top of page
  • alasdairdchisholm

The Dukes gravel ride at the Dukes Weekender 2022

The Dukes gravel ride

by Craig Beattie

So, for my first ever time attaching a number to my bike (that's right I've not even done a sportive before) I found myself in a field at Aberfoyle for the Dukes gravel ride at the Dukes Weekender. I've spent a lot of time in the Aberfoyle area over the years so kinda knew what was in store terrain wise but never had a bike with me to ride any of the tracks/trails.

This event was a gravel enduro so there is no timekeeping for the whole 45 ish mile route (other than course cut off times) but there was 6 timed stages and the overall combined time for these stages is your event time. I knew this going in and knew there was no reason for pushing round the whole route - more on this later...

Having parenting duties later in the day I got myself there for registration opening just after 7am and away in the 8:15am starting wave. Early morning fog meant it was a dull and cool start so trying to build a little heat I started off at a moderate pace and found I kept passing people in my wave who were all taking it easy and chatting away.

Stage 1 came and went with an uphill start and downhill finish on forestry roads.

Stage 2 again was a long section of forestry roads but with some logging activity made it bumpy even for a gravel bike.

Stage 3 was singletrack which was much better suited to those on mountainbikes and with a short sharp climb with very little traction (everyone I spoke to had to walk up it).

Stage 4 again was singletrack but a much more flowy and fast paced section.

Stage 5 was back to forestry road which started flat and fast but ended with a long climb which a lot of people didn't know was coming.

Stage 6 was a short singletrack on the hillside north of Aberfoyle (the Dukes pass side) but there was a lot of climbing to get to it (over 700 ft continuous climb) and a very fast descent back down the road - kinda felt like the put this stage in just for the name.

All the stages were linked by mainly gravel tracks or some road which added more climbing (just over 4,500 ft total) again there's no need to rush around the course and riders can just chill out between stages. However, I'd set off trying to get myself warm and the sun didn't even think about coming out until I'd almost made it back to Aberfoyle so I kept the arm warmers on and kept pushing on rather than stopping. This meant I wasn't able to push as hard as I'd have liked on the timed stages, especially the longer ones, although on all but stages 2 & 6 I passed other riders and didn't get passed by anyone on any stage.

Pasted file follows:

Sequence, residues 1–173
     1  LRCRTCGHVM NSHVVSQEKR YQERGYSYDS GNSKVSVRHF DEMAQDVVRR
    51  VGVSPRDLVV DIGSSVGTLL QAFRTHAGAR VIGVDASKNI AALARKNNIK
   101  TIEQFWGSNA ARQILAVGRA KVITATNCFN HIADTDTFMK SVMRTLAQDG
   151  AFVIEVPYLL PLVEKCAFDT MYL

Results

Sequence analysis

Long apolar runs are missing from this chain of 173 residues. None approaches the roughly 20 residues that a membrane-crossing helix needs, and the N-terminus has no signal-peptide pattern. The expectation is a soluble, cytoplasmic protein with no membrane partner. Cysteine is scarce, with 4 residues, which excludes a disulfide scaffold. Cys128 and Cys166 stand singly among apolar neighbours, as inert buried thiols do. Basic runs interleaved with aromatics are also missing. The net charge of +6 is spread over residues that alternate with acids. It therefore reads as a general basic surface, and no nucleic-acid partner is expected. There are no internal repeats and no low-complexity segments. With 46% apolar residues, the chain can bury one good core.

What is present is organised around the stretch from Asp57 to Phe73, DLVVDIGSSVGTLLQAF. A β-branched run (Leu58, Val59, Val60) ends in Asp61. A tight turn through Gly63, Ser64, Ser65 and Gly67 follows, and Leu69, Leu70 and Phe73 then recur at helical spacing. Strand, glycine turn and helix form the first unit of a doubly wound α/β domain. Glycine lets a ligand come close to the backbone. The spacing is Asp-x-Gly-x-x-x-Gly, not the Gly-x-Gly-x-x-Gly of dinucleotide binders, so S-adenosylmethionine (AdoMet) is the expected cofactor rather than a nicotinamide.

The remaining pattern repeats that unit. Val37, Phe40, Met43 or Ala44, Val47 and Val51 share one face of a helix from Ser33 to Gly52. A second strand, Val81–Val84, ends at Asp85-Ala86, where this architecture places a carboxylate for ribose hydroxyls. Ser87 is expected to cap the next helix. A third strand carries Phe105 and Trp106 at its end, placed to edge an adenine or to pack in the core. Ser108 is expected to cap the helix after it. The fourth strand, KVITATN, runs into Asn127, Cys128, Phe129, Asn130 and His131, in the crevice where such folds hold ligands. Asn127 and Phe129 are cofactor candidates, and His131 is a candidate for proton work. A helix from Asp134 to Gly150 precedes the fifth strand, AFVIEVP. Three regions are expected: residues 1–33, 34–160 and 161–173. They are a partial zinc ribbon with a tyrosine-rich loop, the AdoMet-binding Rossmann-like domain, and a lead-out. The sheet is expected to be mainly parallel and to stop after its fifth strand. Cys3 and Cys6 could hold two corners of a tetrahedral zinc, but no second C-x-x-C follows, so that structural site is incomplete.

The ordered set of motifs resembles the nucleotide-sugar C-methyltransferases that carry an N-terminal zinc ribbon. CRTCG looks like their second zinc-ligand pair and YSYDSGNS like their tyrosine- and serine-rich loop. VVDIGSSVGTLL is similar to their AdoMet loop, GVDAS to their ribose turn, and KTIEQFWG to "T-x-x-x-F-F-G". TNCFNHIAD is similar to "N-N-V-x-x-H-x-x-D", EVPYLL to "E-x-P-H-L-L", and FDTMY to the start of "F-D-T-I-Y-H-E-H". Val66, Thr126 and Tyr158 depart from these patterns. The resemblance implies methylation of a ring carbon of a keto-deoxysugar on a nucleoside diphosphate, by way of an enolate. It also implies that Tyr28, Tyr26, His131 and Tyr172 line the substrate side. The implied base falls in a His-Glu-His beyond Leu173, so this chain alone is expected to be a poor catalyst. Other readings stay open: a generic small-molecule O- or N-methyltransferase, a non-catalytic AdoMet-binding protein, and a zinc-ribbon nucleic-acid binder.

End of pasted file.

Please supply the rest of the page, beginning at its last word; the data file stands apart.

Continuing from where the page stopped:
After a very fun and fast descent back into the finish in Aberfoyle (disc brakes a must) I found out I was only the 20th rider home (I was in the 3rd wave away with up to 45 riders in each wave) due to not hanging around or stopping on the course. But this did mean I was often riding the course without another rider in sight so didn't have an "event" vibe at times. Whilst it was a good experience on a mostly good course and brilliant marshals I would definitely recommend riding it with other people as the long transitions would be more interesting with company. Oh and it would probably make you ride the transitions slower and saving the legs for the timed stages rather than pushing the pedals hard the whole way round.

Overall I finished just within the top half of the field with a time of 35 minutes 12 seconds and I look forward to going back next year to see what course they come up with.

39 views0 comments


bottom of page